Other Consequences In addition to legal penalties, offenders may have their driver’s license suspended for a substantial period of time, insurance companies may cancel your policy or drastically increase rates. A drunk driving charge stays on a person’s driving record for many years. Certain jobs that require driving may no longer be an employment option. The real financial cost of a first offense DUI can total anywhere from $10,000 to $20,000.
This deed, with a colorful name, is a very handy tool. A lady bird deed transfers lifetime interest in your property to you making you the life tenant. The deed names a remainder beneficiary who has a future interest in your property upon your death.
Your remainder beneficiary can include multiple people, trusts, or organizations. You can change your remainder beneficiary at anytime.
As the life tenant, you still have the right to sell, gift, mortgage or otherwise dispose of your property without the consent of your named beneficiary.
A unique benefit of lady bird deeds is the automatic transfer of your property upon death thus avoiding the need for probating the transfer through the court system. Medicaid Asset Protection is another benefit of using lady bird deeds. Property transferred with a ladybird deed is not subject to a Medicaid lien on your probate estate.
Why the name lady bird deed? A law professor simplified the legal name, Enhanced Life Estate Deed, in honor of former U.S. President Lyndon Johnson’s wife, Claudia ‘Lady Bird’ Johnson.
In order to qualify for Medicaid assistance with the expense of nursing home care you must have exhausted the majority of your assets. Your cash assets cannot exceed $2,000, but your homestead real estate equity is allowed up to $560,000. This discrepancy in allowances means that you can protect a significant portion of your assets with proper planning.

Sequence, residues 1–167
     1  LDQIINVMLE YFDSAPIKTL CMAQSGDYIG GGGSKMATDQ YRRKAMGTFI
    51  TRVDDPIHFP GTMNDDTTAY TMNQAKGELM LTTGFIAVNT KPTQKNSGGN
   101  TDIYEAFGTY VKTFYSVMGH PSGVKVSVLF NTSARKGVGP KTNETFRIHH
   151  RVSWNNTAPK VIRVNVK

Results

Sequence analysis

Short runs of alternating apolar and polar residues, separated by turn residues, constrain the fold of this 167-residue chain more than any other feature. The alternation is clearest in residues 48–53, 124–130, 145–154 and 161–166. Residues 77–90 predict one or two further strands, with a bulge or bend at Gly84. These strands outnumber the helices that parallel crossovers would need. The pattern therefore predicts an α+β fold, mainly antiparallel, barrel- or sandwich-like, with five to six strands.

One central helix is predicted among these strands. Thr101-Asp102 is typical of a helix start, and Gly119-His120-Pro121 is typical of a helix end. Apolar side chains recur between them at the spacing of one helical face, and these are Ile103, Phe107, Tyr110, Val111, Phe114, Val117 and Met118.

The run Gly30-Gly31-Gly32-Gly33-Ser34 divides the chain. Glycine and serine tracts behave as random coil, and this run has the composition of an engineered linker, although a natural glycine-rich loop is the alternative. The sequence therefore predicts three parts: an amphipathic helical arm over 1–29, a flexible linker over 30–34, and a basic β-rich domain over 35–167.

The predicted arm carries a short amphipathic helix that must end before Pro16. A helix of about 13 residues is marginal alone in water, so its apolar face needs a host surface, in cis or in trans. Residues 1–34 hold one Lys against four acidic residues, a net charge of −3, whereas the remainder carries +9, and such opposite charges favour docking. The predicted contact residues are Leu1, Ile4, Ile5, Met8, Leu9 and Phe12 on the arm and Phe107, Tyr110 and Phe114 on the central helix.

At our office, we use ‘lady bird deeds’ and other legal means to protect you from Medicaid liens or the supervision of the probate court. If you or a family member are facing these issues contact us for an appointment. In this area of the law, pre-planning is critical.
Parents would be well advised to consider the following list of teen rights and responsibilities. Michigan law defines these for teenagers once they turn 18 years of age.
Rights for teens are as follows:
-To make a will and power of attorney
-To make their own end-of-life decisions
-To sign a contract in their own name
-To obtain medical treatment without parental consent
-To enlist in the armed forces without parental consent
-To be completely independent from parental control
-To apply for credit in their own name
-To be an organ donor
-To buy a lottery ticket
With these rights come important responsibilities:
-You will be tried in adult criminal court rather than juvenile court
-Your parents are no longer required to support you
-You may be sued on contracts you sign
-You are eligible for jury duty
-All males must register with the Selective Service
Knowing what’s ahead can help you prepare your children to enjoy the privileges and handle the responsibilities that come with being considered an adult.